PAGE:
You might assume that the early stages of risk management are the hardest.
After all, that’s when a lot of work has to be done – building the business case, getting support from senior managers, putting policies in place and risk assessing and training your drivers.
Once the results have materialised in the form of fewer accidents, lower costs and a reduced insurance premium, it must be relatively plain sailing – right? Well, no.
At that stage things can often become more challenging.
Dave Wallington, group safety adviser at BT, which has had a driver risk management programme in place since 2002, says: “It gets harder as you go along; the better you get, the harder it gets.”
Dr Will Murray, research director at Interactive Driving Systems (IDS), who works closely with BT on its risk management programme, agrees.
“Fleet safety is not a one-off event, such as driver training, but a regular, ongoing process,” he says.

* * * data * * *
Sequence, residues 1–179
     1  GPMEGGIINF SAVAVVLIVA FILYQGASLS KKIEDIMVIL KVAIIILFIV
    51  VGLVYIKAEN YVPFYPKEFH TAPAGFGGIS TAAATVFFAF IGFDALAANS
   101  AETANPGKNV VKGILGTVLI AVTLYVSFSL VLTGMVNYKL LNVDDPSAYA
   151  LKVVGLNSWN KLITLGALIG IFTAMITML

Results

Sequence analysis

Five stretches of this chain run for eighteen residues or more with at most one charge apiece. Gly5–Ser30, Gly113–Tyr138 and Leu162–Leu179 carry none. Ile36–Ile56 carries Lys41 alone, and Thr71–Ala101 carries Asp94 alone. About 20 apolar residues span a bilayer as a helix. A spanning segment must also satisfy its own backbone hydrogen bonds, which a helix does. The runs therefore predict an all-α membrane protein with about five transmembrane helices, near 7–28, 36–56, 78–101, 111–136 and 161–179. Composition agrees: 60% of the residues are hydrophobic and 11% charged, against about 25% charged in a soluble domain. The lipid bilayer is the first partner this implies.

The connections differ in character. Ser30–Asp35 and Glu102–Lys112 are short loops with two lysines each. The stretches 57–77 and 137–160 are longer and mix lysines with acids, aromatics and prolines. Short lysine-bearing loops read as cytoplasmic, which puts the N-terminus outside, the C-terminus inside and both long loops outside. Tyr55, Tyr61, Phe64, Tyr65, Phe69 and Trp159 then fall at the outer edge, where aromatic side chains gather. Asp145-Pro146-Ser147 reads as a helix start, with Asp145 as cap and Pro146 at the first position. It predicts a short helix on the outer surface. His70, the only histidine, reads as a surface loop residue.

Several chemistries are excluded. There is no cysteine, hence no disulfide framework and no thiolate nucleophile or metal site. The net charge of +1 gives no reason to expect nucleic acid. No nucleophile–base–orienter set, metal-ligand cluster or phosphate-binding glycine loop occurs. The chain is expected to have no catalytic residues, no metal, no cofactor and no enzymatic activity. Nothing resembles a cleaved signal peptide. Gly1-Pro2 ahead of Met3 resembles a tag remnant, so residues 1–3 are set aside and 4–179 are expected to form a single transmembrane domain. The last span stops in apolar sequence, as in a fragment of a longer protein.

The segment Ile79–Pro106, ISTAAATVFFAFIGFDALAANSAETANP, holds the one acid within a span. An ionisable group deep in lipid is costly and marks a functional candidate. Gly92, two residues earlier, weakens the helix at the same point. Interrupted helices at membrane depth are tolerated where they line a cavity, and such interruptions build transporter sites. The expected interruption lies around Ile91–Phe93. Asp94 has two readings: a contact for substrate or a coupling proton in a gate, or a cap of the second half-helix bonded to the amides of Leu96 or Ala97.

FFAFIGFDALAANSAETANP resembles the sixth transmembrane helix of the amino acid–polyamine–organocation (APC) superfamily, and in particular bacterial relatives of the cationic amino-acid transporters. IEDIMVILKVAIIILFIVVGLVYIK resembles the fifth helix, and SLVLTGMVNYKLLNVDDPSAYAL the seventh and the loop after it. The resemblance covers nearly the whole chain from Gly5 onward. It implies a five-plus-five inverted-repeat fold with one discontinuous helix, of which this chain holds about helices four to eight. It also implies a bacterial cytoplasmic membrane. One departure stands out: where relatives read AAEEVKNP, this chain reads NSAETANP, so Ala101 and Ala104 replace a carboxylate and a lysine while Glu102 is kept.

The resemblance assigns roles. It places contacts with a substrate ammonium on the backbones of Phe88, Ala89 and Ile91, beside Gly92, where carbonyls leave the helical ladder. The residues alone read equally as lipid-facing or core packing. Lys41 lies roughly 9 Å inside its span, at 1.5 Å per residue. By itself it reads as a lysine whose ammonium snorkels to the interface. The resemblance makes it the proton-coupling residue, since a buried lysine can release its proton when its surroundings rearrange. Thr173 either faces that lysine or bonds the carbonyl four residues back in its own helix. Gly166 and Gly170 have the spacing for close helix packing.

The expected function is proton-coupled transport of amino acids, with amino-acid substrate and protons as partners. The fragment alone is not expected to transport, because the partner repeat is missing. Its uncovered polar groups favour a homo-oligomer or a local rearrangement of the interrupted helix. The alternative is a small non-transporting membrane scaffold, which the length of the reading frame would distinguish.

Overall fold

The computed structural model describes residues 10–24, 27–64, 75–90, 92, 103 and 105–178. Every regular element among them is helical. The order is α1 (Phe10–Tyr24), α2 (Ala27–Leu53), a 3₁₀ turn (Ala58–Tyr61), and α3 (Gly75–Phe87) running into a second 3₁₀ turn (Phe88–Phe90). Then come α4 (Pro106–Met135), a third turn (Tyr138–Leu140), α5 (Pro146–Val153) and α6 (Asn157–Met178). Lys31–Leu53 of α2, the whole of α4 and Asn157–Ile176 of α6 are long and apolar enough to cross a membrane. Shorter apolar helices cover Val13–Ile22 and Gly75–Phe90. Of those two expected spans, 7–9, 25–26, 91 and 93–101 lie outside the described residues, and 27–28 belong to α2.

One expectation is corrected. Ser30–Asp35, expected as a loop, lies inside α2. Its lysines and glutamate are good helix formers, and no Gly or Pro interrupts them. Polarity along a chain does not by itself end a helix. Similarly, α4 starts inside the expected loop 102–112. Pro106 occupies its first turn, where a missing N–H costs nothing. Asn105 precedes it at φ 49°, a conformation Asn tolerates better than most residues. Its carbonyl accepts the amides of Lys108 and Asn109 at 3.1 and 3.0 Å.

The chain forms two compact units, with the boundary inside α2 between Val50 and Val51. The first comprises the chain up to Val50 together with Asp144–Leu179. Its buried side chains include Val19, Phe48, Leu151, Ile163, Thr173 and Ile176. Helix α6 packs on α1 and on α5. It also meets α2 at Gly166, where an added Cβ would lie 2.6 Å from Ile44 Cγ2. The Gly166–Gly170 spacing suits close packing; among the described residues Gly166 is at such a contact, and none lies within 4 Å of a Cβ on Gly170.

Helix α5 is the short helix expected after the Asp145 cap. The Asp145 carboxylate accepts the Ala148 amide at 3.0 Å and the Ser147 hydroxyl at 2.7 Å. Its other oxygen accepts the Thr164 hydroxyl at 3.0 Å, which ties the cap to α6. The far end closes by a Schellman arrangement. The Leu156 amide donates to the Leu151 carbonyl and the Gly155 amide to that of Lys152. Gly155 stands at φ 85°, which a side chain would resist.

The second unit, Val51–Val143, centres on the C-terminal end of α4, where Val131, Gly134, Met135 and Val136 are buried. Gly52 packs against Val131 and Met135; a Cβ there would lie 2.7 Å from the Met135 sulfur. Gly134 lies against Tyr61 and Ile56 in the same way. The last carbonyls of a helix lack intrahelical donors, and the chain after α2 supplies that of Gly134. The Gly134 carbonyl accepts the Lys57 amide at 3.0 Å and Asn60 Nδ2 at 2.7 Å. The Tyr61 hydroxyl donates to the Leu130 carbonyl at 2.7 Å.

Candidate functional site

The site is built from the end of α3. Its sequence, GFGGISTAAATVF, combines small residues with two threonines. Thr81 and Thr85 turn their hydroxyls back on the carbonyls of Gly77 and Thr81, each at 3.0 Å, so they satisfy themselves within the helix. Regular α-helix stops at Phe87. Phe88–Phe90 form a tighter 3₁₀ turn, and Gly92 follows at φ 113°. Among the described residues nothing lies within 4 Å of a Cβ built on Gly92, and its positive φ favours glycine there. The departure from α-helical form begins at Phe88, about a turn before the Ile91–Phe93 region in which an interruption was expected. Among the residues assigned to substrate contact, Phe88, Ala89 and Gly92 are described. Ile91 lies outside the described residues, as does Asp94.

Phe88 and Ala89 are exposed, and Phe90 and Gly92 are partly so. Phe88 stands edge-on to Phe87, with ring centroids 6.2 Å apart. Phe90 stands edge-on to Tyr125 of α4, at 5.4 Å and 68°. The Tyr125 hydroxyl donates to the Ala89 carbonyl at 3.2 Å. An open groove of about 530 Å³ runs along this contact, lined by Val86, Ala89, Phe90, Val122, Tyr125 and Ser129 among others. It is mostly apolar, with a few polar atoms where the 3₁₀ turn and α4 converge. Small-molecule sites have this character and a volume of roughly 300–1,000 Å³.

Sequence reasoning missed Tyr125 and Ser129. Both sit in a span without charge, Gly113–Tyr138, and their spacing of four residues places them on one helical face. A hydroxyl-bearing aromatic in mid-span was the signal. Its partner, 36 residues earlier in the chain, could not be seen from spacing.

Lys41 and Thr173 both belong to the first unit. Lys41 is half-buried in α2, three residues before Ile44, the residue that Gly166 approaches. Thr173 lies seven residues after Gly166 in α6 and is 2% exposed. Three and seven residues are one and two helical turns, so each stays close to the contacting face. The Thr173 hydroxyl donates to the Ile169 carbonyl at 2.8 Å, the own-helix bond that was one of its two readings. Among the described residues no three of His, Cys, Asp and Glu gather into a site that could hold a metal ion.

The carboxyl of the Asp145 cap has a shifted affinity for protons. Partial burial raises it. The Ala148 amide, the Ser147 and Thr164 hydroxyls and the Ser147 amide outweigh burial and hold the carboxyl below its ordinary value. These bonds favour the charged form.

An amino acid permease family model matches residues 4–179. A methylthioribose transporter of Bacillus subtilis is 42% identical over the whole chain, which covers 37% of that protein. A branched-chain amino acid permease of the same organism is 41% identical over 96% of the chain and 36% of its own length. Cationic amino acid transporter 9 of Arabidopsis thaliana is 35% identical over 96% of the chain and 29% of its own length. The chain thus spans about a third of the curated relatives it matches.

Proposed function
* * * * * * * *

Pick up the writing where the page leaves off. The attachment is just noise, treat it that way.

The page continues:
One scenario a company at that stage of risk management might come across is that their fleet’s accident rate more or less plateaus. Or, worse, it may rise again.
So what should fleet operators do in those circumstances?
Analyse the data?
There are a number of questions fleet operators should be asking when comparing their baseline data with what is currently happening on the fleet, according to Richard Hill, managing director of Peak Performance.
These include: are the incidents happening at a particular time of day or day of the week? Are specific types of road involved? Is one group of drivers predominantly responsible for the increase in activity? Are you responsible for both company vehicles and grey fleet drivers and could this be a contributory cause?
Consider influencing factors
Both internal and external factors might be influencing the accident rate.
David Blacklock, insurance manager at ARI Fleet (formerly Fleet Support Group), suggests that an increase in the accident rate could be linked to changes in fleet operations and/or changes in the wider business.
“Fleet changes that could trigger a rise in incident rates might include increasing mileage, replacement cycles extension or route planning amendments,” he says.
There may be changes in staff moral or additional contracts to service, for example.